After the recent violence and looting experienced in KZN and Gauteng, our kids may be experiencing signs of anxiety and excessive worry. We can’t protect them from every conversation they overhear or the videos they may have been exposed to on social media or sent from friends, but we can help them manage their emotions in a healthy way.
The team at Labels4School has created a wonderful FREE resource for you to download and work on with your kids at home. The L4S Calm-a-Llama workbook offers calming colouring pages, worksheets about worries in their life and how to cope with these. We recommend this workbook for kids in primary school.
Download the Calm-a-Llama booklet here.
Signs of Anxiety in Kids – what to look out for
Anxiety in children can display is physical and psychological ways. If you are concerned about your child take them to a doctor to check if any of the following are related to stress or perhaps an existing medical condition.
- Increased irritability, excessive crying, frustration, tantrums and showing signs of self-soothing and seeking reassurance from you more frequently.
- Signs of regressive behaviours like or bed-wetting or excessive clinginess.
- Frequent stomach aches, headaches, lack of motivation, frequent bathroom breaks, rapid breathing, chest pains, shortness of breath, poor appetite, tension and trouble sleeping.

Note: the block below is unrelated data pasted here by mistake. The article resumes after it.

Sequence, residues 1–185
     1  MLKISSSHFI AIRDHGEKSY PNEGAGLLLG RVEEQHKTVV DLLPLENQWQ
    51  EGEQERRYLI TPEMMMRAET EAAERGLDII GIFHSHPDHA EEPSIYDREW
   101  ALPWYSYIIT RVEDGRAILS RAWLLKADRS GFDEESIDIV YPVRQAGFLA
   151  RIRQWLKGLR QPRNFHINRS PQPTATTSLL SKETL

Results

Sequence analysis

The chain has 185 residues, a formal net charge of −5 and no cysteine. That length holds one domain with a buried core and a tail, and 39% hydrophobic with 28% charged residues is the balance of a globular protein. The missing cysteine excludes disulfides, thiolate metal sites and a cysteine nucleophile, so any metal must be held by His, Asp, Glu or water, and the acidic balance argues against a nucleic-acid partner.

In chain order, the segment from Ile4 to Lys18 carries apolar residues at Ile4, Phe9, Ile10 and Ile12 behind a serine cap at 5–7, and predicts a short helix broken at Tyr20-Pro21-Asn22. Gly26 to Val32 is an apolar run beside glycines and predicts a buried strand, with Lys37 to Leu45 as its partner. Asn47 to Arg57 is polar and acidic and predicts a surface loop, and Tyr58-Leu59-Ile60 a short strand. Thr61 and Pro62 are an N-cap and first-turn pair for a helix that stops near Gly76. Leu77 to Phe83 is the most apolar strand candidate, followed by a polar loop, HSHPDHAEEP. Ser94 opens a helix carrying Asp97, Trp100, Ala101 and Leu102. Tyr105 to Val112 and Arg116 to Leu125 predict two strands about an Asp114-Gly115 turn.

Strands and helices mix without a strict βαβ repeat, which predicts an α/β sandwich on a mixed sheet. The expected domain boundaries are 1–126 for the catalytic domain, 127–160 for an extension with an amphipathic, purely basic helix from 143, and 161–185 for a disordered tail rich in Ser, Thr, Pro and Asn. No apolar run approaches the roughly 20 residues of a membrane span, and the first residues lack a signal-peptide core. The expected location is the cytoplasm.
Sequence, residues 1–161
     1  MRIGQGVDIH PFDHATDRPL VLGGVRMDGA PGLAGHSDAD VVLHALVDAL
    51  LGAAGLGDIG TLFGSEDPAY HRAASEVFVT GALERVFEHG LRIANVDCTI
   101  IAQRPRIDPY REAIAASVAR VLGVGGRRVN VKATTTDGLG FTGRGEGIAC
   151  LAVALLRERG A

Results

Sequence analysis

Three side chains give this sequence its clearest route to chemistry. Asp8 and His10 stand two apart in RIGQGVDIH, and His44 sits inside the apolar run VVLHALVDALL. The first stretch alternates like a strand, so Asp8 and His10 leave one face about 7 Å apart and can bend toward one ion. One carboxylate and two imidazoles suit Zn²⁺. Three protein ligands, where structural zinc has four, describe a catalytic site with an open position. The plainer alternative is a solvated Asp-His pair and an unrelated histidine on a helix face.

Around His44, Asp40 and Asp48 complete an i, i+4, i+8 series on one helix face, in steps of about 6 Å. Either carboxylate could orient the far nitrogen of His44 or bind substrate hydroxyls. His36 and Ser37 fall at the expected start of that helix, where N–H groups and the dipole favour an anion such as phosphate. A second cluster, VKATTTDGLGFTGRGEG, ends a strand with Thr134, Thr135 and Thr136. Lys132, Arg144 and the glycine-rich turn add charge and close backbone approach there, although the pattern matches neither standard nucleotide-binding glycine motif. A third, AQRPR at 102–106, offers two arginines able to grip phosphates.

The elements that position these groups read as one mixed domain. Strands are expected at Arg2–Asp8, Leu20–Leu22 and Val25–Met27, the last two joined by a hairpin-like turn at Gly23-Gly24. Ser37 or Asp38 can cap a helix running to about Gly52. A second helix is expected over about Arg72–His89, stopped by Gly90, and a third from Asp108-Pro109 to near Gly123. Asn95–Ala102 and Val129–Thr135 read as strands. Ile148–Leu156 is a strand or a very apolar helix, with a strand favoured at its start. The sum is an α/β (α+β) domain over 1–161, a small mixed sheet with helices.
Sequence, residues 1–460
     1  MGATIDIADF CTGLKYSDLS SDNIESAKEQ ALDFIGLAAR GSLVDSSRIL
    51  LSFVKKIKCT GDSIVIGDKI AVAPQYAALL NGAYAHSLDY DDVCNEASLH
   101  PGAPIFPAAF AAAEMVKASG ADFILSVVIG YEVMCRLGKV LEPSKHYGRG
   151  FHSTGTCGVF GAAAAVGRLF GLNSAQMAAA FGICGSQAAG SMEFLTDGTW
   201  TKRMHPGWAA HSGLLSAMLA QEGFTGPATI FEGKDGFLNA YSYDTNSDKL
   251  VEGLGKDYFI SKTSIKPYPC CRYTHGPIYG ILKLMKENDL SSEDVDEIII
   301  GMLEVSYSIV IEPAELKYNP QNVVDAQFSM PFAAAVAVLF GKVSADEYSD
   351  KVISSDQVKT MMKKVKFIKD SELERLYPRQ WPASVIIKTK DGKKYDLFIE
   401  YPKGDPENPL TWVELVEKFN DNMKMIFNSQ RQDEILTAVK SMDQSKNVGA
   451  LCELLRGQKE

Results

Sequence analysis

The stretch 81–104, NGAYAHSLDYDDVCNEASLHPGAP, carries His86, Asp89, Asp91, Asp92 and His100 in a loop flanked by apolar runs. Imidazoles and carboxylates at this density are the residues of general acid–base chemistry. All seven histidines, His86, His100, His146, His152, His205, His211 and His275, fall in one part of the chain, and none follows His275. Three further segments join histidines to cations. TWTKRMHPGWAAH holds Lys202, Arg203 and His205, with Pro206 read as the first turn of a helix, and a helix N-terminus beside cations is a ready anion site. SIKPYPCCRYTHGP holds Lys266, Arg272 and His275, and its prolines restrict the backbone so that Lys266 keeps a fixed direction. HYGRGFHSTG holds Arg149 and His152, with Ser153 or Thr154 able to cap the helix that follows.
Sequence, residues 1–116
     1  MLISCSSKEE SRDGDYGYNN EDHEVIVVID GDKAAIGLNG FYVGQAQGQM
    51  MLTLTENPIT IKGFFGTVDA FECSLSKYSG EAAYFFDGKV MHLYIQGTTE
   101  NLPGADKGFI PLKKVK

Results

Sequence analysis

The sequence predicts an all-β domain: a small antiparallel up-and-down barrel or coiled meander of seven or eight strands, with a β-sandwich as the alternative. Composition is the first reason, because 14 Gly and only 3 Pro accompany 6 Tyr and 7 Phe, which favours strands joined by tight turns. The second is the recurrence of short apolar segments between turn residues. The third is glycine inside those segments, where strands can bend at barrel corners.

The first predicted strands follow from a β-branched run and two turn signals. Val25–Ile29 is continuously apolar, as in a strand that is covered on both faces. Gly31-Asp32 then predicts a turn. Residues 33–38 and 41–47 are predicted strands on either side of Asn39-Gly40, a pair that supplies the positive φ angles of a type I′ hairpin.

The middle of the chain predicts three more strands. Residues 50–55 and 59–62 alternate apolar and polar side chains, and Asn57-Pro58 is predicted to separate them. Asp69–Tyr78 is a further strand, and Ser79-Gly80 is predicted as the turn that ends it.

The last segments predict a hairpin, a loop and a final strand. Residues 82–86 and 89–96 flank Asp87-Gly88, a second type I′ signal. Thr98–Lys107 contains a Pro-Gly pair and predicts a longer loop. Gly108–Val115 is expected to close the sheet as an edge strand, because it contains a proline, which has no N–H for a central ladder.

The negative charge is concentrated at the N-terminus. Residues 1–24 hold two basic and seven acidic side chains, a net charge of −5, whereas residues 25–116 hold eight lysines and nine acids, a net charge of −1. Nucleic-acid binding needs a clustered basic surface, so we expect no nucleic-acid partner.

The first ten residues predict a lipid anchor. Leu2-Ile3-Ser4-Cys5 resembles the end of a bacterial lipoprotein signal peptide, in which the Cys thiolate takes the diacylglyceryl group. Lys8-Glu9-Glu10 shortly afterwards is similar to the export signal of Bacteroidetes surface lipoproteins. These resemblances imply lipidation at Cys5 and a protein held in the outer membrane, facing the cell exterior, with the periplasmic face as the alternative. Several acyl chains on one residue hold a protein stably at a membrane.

- Feeling irrationally overwhelmed and threatened by certain situations like school, social environments, shopping malls and events they usually enjoyed, but now triggers stress.
- The need for routine and structure to be exactly the same each day as a need for them to have more control over their environment.
- Signs of hypervigilance. Where they are constantly surveilling the room or surrounding areas to keep an eye out for threats or listening to conversations and noises they wouldn’t usually be interested in. This is absolutely exhausting for kids!
How to help your child deal with this?
Find out what they know about the current situation- listen to them and find out what stories they have overheard or found out from friends at school
Protect them from adult conversions – make sure there aren’t little ears listening to big conversations they are not ready to cope with.
Be their safe space – allow them to talk to you about how they are feeling and let them know it is normal to have these kinds of emotions. Help them work through these situations and focus the positives.
Model behaviours like self-care and positive-thinking.
Embrace and reward your child’s brave behaviours.
Make time for relaxing activities like calming colouring or breathing activities.
Remember to take time for yourself to make sure you are coping with the psychological effects of the past few months. Think positively and allow yourself time to practice breathing techniques and relaxing activities that ground you in the present moment.
“Worrying is like a rocking chair: it gives you something to do, but it never gets you anywhere” – Erma Bombeck